Are There Hackers Listening to You?

Alexander Freund

Tech savvy individuals and businesses alike have moved away from traditional Internet browsers such as Microsoft’s Internet Explorer and Apple’s Safari to Google’s Chrome browser. After all, many people enjoy having a simplistic, yet powerful web browser that easily integrates it’s Google Docs tools and Gmail email service. However, users may want to think twice about using the browser now that a new YouTube video has surfaced entitled “Chrome Bug Lets Sites Listen to Your Conversations.” In the video, user Tal Ater walks through a very dangerous exploit that allows anyone to access your microphone through Google’s voice recognition software embedded in Chrome.

Working as an Israeli programmer, Ater first discovered the problem while working on a JavaScript Speech Recognition library called “annyang”. After finding multiple bugs in Chrome, it was discovered that they could allow malicious websites or hackers the ability to stealthily record anything that was said anywhere near the computer running Chrome. Even more interesting is the fact it could lay dormant and only activate upon certain keywords being said.

In what may turn out to be the most disturbing part of this story, Ater alerted Google’s security team privately to this issue back on September 13, 2013, and the team readily acknowledged its existence only six days later on the 19th. Google’s team had a patch that fixed the exploit on September 24th, and Ater was nominated by Chromium’s Reward Panel for the find. Problem solved, right? Not so fast.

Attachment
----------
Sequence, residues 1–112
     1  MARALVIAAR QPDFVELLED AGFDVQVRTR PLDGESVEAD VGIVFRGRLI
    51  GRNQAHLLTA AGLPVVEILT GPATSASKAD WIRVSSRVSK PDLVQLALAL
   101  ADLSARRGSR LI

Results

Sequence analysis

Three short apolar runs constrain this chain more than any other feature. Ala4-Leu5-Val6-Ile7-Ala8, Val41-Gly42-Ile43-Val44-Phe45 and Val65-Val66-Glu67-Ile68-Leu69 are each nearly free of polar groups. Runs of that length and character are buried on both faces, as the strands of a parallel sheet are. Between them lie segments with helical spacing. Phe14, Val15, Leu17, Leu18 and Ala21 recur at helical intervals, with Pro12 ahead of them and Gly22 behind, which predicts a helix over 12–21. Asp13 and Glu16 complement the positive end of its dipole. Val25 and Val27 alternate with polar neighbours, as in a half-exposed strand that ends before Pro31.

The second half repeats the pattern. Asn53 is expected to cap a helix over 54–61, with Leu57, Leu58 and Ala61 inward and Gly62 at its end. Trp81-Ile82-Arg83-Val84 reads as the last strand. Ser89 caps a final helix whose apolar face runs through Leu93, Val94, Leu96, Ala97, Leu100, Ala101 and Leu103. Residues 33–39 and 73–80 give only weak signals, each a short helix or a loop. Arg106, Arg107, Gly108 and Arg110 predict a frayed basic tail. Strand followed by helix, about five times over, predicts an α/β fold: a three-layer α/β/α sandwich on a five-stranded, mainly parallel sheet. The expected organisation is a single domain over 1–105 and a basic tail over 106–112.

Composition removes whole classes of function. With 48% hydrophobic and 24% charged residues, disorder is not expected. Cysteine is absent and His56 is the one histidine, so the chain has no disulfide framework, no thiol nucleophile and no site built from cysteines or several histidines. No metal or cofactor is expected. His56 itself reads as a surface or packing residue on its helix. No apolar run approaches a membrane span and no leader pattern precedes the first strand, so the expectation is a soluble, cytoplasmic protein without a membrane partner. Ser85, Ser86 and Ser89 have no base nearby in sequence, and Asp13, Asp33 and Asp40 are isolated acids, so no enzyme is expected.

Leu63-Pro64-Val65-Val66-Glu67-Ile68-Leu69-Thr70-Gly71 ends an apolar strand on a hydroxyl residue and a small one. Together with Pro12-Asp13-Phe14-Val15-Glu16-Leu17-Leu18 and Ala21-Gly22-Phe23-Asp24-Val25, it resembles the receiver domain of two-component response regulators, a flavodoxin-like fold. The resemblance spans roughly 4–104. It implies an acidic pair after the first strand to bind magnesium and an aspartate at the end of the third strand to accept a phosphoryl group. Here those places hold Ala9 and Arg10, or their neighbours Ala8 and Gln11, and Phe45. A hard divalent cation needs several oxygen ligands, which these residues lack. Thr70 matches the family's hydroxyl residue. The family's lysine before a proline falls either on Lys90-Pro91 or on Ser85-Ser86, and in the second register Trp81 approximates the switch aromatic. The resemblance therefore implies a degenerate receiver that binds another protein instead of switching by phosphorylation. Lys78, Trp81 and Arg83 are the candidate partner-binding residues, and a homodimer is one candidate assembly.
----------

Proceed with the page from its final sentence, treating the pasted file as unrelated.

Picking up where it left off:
Within just two weeks of Ater reporting the bug, Google’s engineers had confirmed the exploit and fixed it. But as the weeks passed, the fix was still not being released to desktop users. Six weeks after the initial inquiry into the matter, Ater again contacted the team at Google to ask why the exploit had not been fixed across the board. They responded in a rather convoluted manner. They stated that an ongoing discussion was going on within the “Standards” group, but nothing has been decided.

Finally, after four months of no response and a feeling of being stonewalled by Google, Ater released a video exposing the exploit to the world on January 22, 2014. The question still remains however if Google plans on releasing the patch they have been sitting on for 4 months. Now that Ater has exposed the inherent dangers to the world, let’s hope that Google makes the correct decision to rapidly deploy the fix.

With all the great technology available out there, users are constantly bombarded with situations where the security of their company’s data is on the line. For assistance in finding solutions that will keep your information safe, consider giving 4it a call at (305) 278-7100. Our thorough monitoring and maintenance program finds and eliminates potential problems before they become situations. We also offer a Unified Threat Management device that can provide an additional layer of security to help you keep malicious entities out of your network. The professionals at 4it have a solution for all of your data security needs.

Share this post